Learn how to make soap bases at home, using only kitchenware, kitchen ingredients, vegetable glycerin, lye and water. These soap bases can then be used as glycerin soap bases, also known as “melt and pour” bases. The process is very similar to cold process, but with the addition of solvents and vegetable glycerin. The resulting soap bases are great, natural and cheaper than a bought premade soap base.
Find below a detailed step-by-step tutorial that will show you how to make a soap base. It uses a method pretty similar to cold process, with the addition of solvents, being the most common ethyl alcohol (ethanol), and sugar syrup. The soap will then saponify in a slightly different way than cold process or hot process.
The most noticeable difference will be the translucidity of these soap bases compared to cold process. They can also be easily remelted and poured into molds, after adding fragrances, colorants and plant addictives to enrich your soap. In the end, you will get 100% natural soap bases, highly costumizeable, cheap, moisturizing and soft.
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Table of Contents
Can Soap Base Be Made At Home?
Soap bases can easily be made at home, just like any handmade soap. Handmade soap is produced by mixing oils with lye water through a chemical reaction called saponification. Yes, it’s that simple:
OILS + LYE (CAUSTIC SODA) + WATER -> SOAP SALTS + GLYCERINE = SOAP
Melt And Pour Soap Bases
Soap bases are nothing but handmade soap with the addition of solvents. They are usually known as glycerin soap or melt and pour soap. They are recognizably different from other soaps because they are translucent. The clarity is due to the alignment of the soap molecules, which can be induced through the addition of solvents: alcohol and sugar.
Although they contain natural glycerin – all handmade soap does – they are also made with vegetable glycerin, added to counter the “drying” effect of solvents. The transparency and the addition of glycerin probably gave the name to this transparent soap as glycerin soap.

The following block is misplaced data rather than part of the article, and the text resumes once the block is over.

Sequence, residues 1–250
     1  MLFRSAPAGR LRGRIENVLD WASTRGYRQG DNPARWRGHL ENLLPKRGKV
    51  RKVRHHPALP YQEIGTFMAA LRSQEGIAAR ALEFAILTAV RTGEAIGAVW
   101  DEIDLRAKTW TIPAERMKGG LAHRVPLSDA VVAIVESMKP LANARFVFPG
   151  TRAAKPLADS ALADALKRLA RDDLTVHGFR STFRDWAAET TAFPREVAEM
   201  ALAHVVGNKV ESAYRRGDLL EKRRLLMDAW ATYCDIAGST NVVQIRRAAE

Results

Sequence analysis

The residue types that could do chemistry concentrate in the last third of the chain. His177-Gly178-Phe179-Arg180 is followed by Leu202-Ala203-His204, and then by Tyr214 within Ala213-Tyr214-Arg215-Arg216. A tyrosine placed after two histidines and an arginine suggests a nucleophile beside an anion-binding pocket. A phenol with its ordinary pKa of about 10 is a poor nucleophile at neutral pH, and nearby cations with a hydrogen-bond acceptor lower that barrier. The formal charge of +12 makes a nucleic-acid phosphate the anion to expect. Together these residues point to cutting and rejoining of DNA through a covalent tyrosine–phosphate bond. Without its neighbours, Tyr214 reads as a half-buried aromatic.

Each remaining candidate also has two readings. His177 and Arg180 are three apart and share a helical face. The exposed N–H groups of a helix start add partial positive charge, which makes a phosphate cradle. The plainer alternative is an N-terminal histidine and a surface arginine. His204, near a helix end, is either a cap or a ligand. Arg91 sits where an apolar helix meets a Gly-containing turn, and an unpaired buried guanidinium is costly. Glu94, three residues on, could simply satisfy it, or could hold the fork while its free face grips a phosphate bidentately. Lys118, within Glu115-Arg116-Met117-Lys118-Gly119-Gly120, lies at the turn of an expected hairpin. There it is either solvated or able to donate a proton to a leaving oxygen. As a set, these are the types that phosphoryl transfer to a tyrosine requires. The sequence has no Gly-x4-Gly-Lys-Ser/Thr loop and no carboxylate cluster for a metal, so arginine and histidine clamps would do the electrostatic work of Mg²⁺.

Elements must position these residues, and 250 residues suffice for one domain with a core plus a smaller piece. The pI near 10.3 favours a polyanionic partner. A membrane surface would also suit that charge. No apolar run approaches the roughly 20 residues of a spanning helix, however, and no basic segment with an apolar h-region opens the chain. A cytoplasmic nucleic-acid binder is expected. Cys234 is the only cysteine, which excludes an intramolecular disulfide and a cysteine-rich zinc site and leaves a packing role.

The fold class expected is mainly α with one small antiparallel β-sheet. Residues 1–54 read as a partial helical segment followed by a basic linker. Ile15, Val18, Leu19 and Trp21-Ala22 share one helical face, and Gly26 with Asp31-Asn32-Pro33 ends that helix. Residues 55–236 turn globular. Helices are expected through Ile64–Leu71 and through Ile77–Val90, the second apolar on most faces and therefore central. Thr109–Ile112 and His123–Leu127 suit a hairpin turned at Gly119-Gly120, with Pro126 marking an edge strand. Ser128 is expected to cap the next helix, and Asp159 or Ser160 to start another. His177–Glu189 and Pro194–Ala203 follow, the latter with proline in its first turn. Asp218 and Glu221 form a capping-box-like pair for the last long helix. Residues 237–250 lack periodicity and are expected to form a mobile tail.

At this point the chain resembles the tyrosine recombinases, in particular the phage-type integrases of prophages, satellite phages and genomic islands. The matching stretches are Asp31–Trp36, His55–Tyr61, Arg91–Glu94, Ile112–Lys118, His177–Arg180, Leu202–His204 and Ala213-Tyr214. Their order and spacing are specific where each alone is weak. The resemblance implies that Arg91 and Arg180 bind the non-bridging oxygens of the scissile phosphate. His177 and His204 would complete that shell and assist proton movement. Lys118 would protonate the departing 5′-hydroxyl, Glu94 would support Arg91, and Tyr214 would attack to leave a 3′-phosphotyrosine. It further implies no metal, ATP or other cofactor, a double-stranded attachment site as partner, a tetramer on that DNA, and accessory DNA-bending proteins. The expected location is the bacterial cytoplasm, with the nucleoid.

You may need to purchase a couple of ingredients in a soap supplies store. However, these soap bases can easily be made at home where most ingredients are kitchen ones! The process is a bit simpler and different from cold process, but not by much.
Later, these soap bases can be melted and poured into soap molds. You can add colorants and fragrances to make your favorite soaps. Plant extracts and oils (superfat) can be also added, while my experience with oils is not very good. These latest ingredients tend to separate from the soap base. Therefore, the best option is to consider a nice superfat in the base and skip oils addition afterwards.
Making soap bases at home is easy enough for anyone to try and you can easily make soap in the kitchen using this process. No need for very weird ingredients or heavy industrial machinery.
What Bases Can You Use To Make Soap?
You can use clear, goats milk, olive oil, honey, oatmeal and many more. You can purchase them online or from a local soap or craft store. But it’s really fun to make these soap bases at home, provided you have a good recipe.
Of course, if you think about glycerin soap, the crystal clear is the one that come to mind first. And you can also make it at home, with sucess! Try this recipe: How to Make Transparent Soap Base. My advice is then to make the soaps immediately after, to avoid reheating the soap base and risking “yellowing” the soap base.
But you can make more soap bases with added ingredients that will enrich your soap base, like shea butter, oatmeal, honey, goat’s milk, etc. This olive oil soap base, for example, resulted in a lovely tea tree soap. With time, I plan to post at least half a dozen different soap bases, so you can try them at home.